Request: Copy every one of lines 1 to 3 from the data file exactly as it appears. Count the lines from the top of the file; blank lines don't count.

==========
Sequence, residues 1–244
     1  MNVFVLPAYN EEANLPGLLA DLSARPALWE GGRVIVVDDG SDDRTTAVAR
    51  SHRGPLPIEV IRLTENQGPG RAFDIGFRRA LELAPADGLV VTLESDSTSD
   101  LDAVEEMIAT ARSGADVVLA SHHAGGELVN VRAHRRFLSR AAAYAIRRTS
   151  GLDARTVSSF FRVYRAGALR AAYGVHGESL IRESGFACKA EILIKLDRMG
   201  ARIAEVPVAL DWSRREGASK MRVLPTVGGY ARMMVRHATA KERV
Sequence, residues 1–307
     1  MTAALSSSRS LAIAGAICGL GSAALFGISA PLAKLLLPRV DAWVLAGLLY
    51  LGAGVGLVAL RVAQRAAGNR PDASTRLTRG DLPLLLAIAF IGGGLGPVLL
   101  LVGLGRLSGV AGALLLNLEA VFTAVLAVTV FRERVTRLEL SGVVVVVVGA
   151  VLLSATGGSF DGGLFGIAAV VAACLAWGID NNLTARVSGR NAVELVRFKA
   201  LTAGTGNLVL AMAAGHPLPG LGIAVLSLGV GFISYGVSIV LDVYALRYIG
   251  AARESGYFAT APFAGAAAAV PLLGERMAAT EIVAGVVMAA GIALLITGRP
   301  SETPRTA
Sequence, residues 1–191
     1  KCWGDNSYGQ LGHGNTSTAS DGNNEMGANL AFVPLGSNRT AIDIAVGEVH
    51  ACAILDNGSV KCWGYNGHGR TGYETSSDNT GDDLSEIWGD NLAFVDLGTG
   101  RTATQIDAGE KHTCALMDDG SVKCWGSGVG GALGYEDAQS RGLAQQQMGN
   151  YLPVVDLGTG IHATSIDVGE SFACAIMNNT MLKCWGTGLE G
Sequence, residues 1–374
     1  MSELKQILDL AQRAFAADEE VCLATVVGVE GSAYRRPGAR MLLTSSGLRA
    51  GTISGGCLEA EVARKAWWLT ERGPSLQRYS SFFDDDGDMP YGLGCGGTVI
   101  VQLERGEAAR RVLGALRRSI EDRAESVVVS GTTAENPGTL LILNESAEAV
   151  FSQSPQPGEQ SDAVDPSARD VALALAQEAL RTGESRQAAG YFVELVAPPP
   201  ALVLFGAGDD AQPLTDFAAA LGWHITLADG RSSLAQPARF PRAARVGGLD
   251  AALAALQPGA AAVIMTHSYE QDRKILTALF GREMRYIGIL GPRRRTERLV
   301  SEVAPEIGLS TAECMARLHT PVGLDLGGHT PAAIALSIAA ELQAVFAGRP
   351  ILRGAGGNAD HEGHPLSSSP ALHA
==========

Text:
Sequence, residues 1–244
     1  MNVFVLPAYN EEANLPGLLA DLSARPALWE GGRVIVVDDG SDDRTTAVAR
    51  SHRGPLPIEV IRLTENQGPG RAFDIGFRRA LELAPADGLV VTLESDSTSD